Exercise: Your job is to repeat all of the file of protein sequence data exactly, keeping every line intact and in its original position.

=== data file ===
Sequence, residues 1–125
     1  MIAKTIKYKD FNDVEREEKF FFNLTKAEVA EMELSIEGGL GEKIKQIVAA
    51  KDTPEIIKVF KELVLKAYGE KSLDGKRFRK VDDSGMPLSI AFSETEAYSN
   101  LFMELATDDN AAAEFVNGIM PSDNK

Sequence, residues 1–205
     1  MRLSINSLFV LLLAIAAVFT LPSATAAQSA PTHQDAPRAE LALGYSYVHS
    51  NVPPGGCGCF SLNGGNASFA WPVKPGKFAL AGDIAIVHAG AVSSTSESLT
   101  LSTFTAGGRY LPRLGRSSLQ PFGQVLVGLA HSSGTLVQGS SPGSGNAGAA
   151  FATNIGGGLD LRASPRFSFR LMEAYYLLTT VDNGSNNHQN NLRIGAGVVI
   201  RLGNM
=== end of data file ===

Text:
Sequence, residues 1–125
     1  MIAKTIKYKD FNDVEREEKF FFNLTKAEVA EMELSIEGGL GEKIKQIVAA
    51  KDTPEIIKVF KELVLKAYGE KSLDGKRFRK VDDSGMPLSI AFSETEAYSN
   101  LFMELATDDN AAAEFVNGIM PSDNK

Sequence, residues 1–205
     1  MRLSINSLFV LLLAIAAVFT LPSATAAQSA PTHQDAPRAE LALGYSYVHS
    51  NVPPGGCGCF SLNGGNASFA WPVKPGKFAL AGDIAIVHAG AVSSTSESLT
   101  LSTFTAGGRY LPRLGRSSLQ PFGQVLVGLA HSSGTLVQGS SPGSGNAGAA
   151  FATNIGGGLD LRASPRFSFR LMEAYYLLTT VDNGSNNHQN NLRIGAGVVI
   201  RLGNM